Top-down control of methane emission and nitrogen cycling by waterfowl.
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Aquatic herbivores impose top-down control on the structure of wetland ecosystems, but the biogeochemical consequences of herbivory on methane (CH4 ) and nitrogen (N) are poorly known. To investigate the top-down effects of waterfowl on wetland biogeochemistry, we implemented exclosure experiments in a major waterfowl overwintering wetland in the southeastern United States over two growing seasons. We found that herbivory inhibited the oxidation of CH4 , leading to a mean increase in emission by 230% over control plots, and prevented nitrification, as indicated by low nitrate availability and undetectable emissions of nitrous oxide. Herbivory reduced belowground biomass of macrophytes, retarding the subsequent spring emergence of aerenchymous stems, effectively starving wetland soils of oxygen necessary for CH4 oxidation and nitrification. The recognition that important populations of aquatic herbivores may influence the capacity for wetlands to emit greenhouse gases and cycle N is particularly salient in the context of climate change and nutrient pollution mitigation goals. For example, our results suggest that (1) annual emissions of 23 Gg CH4 /yr from ~57 000 ha of publicly owned waterfowl impoundments in the southeastern United States could be tripled by overgrazing and that (2) waterfowl impoundments may export as much N as agricultural fields. We discuss potential implications for habitat management in the context of historic wetland loss and waterfowl population recovery.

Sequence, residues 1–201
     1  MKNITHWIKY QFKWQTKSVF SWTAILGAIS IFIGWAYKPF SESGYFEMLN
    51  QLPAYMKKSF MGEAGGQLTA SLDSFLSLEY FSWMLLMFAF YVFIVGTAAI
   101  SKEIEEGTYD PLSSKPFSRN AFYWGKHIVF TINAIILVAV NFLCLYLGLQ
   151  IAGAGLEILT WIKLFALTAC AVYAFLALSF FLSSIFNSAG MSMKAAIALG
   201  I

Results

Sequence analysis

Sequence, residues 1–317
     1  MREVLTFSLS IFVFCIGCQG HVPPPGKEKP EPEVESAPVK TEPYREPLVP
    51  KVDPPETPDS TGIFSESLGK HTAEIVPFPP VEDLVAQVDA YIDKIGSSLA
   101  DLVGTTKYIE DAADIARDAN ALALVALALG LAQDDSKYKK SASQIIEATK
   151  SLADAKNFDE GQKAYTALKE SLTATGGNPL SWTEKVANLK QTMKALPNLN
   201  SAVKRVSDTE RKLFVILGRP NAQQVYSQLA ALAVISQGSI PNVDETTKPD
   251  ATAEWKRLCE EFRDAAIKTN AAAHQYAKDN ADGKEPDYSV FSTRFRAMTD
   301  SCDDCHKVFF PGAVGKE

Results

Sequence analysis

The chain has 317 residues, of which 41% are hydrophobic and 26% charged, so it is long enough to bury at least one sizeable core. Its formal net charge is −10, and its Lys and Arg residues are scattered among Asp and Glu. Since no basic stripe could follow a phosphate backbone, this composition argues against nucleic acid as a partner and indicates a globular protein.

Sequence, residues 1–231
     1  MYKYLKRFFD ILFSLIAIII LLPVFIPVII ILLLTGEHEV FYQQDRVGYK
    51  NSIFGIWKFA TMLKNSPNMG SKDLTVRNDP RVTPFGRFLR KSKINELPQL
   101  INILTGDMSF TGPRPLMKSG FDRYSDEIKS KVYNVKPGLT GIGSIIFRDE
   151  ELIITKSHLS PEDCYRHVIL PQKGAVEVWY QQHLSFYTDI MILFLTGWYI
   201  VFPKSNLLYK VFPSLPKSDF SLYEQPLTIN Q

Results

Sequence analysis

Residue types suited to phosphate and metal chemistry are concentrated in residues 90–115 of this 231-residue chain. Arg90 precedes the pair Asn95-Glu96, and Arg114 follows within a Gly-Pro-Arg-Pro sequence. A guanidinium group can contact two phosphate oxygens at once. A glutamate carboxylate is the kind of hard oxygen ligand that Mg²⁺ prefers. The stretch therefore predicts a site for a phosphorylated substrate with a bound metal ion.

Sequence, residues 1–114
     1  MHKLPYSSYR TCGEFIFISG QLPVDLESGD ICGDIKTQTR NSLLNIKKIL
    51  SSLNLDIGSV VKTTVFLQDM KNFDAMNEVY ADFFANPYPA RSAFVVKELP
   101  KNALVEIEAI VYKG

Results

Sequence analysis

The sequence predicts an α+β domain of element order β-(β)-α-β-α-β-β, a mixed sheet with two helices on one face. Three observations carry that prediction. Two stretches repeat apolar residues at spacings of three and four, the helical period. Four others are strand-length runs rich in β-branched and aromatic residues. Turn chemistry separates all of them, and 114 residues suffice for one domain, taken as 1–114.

Published Version (Please cite this version)10.1002/ecy.1640
Publication InfoRichardson, Curtis J; & Winton, RS (2017). Top-down control of methane emission and nitrogen cycling by waterfowl. Ecology, 98(1). pp. 265-277. 10.1002/ecy.1640. Retrieved from https://hdl.handle.net/10161/15699.
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John O. Blackburn Professor
Curtis J. Richardson is Professor of Resource Ecology and founding Director of the Duke University Wetland Center in the Nicholas School of the Environment. Dr. Richardson earned his degrees from the State University of New York and the University of Tennessee. His research interests in applied ecology focus on long-term ecosystem response to large-scale perturbations such as climate change, toxic materials, trace metals, flooding, or nutrient additions. He has specific interests in phosphor